Regarding that last test, you are correct, it does not work. The example set I was working with when I wrote this two months ago had some of this in a domready event (see Mootools) so I’ll have to go dig it up again…

  13. Aaron N. Says:

    …still looking for the file, I remember what the details were at least. Our IframeShim class was instantiated on domready. This worked fine. But we had another script in the page body that did document.getElementById(‘id’).innerHTML = “string” and this caused domready to fire early…

  14. Diego Perini Says:

    thanks for confirming that the last test also breaks in IE, I wasn’t able to reproduce, even not with a real Window…

    So we agree and are hopefully clear on open nodes…

    Another point is that “domReady” as other “DOMLoaded” functions fail in detecting the page loading timings in situations where there are no images for example (a barebone HTML test case).

    Probably the culprit being the the document.write trick used in those functions in that precise environment (no images, no style sheets, no external resources) and as in your tests above.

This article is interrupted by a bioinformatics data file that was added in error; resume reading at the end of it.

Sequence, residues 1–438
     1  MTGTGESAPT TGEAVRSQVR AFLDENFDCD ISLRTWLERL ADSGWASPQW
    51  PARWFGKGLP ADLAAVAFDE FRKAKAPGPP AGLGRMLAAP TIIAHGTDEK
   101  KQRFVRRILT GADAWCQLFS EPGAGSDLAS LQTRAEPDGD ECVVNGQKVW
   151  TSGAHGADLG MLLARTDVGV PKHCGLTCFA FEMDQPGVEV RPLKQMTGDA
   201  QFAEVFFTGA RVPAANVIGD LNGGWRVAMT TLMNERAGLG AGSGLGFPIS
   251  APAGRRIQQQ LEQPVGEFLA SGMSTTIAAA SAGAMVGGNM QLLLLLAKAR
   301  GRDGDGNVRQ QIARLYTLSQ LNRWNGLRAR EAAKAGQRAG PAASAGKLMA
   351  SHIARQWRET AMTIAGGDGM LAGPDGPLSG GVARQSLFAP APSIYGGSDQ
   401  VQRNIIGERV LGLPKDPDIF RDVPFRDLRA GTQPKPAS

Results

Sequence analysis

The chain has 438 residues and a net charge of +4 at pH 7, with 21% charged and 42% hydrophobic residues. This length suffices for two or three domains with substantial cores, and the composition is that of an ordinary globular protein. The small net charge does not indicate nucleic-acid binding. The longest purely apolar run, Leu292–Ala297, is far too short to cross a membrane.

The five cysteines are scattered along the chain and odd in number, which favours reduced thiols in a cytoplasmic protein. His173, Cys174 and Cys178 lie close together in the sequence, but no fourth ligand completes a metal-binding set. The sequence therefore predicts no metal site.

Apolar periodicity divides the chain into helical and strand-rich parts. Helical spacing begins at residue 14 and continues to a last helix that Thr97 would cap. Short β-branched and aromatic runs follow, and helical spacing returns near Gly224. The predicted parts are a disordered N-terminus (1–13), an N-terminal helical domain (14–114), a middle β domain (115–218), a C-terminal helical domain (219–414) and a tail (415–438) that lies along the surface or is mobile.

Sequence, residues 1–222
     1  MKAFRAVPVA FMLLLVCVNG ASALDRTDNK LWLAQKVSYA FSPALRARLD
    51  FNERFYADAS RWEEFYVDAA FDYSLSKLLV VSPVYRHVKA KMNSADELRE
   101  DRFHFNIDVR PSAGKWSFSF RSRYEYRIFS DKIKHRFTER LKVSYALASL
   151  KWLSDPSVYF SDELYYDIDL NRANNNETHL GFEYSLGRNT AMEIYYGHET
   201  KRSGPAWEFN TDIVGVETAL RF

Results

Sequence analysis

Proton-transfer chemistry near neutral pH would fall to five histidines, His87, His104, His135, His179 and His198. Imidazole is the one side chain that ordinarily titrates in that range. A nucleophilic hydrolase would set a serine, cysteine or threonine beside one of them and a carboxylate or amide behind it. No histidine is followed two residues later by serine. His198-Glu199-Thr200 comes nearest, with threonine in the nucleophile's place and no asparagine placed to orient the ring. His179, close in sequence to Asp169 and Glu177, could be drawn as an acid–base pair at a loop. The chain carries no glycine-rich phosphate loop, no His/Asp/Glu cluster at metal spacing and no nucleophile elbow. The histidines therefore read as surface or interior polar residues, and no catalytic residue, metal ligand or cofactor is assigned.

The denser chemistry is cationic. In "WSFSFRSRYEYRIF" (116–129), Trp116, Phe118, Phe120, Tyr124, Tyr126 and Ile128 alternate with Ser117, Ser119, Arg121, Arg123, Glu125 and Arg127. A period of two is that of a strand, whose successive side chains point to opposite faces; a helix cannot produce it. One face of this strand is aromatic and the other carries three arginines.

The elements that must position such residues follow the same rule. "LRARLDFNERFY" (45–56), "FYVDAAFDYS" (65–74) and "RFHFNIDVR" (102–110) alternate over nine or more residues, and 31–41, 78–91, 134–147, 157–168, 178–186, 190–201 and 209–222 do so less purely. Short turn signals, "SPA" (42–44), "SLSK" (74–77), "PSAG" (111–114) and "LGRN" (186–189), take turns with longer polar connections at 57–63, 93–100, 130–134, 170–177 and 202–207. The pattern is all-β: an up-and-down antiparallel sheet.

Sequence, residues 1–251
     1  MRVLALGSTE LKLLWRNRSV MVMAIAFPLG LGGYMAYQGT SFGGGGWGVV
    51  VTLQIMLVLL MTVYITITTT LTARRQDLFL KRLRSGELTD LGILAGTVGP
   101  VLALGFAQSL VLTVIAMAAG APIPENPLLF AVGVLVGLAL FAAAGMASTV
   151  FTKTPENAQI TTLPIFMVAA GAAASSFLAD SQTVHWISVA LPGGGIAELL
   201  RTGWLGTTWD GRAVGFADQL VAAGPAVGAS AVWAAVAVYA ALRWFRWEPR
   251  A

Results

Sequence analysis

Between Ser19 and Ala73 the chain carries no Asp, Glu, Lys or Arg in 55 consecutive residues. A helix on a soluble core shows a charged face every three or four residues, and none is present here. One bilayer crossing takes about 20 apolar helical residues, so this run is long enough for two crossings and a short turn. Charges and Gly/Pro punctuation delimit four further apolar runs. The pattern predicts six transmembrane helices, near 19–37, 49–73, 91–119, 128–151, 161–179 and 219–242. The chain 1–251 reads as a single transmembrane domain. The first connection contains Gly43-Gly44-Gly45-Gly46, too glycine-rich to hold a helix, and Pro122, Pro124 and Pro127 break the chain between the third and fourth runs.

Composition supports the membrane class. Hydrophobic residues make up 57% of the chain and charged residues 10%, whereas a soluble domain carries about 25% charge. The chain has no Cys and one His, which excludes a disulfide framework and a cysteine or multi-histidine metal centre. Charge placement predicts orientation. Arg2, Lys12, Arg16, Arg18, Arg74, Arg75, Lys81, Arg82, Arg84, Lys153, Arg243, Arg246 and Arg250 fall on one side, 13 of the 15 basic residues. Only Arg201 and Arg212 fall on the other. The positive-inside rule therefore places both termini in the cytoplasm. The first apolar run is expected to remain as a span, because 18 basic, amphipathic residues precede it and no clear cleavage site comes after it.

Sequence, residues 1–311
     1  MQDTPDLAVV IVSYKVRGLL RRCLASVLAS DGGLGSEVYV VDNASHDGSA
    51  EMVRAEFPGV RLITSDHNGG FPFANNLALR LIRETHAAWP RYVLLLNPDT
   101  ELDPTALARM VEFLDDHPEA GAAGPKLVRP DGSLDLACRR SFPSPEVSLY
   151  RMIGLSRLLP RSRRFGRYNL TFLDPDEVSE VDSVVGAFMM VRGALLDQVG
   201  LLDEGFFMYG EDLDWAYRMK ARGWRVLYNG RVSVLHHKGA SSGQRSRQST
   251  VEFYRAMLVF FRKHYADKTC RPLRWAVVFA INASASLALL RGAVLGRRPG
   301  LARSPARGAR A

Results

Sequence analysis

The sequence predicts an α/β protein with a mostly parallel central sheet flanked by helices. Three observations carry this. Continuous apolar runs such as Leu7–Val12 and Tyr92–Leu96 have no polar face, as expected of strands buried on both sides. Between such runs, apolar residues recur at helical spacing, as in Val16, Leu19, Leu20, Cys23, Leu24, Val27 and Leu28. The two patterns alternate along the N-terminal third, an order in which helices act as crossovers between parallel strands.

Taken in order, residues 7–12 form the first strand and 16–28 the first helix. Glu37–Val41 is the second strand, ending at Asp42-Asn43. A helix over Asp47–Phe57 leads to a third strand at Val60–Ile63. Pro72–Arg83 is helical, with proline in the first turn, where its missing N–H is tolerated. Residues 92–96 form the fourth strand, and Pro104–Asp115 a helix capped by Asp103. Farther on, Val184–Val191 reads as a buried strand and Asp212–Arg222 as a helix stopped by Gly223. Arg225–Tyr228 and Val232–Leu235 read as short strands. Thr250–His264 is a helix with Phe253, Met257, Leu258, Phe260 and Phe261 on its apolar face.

Now we need some test that shows that is indeed possible to modify the DOM if the desired modification point is behind the in-line execution point, to test change:




    and all samples will work.

    The difference beeing the new node is inserted at the top of the body instead of beeing appended at the end. That may be adjusted with absolute positioning (CSS).

    Appreciate your thoughts on this since it is an hot issue for me
    and I am still open to change my mind :-)

  15. Stephen Says:

    Thank you. I thought I was the only idiot in the village with this error.

  16. CereS Says:

    I’ve lost hours trying to find out the way to avoid this error.

    At last I’ve found that the only way to bypass this bug is something like:
    var load_method = ( ? ‘load’ : ‘domready’);

    And change all “domready” with load_method.

    e.g. (Slimbox):
    window.addEvent(load_method, Lightbox.init.bind(Lightbox));

    In this way IE users will see the page and people using Firefox or Opera will take advantage of the onDomReady method!

    The only other solution is to eliminate explorer from every PC on the earth… Ain’t this easy :(

  17. Diego Perini Says:

    the “domReady” function is a pain, randomly
    I have seen it fail in the following cases:

    – if using innerHTML
    – if using document.write in the BODY
    – if the page doesn’t contain images at all
    – if the total size of images is less than the page size
    – if you have additional “deferred” scripts in the page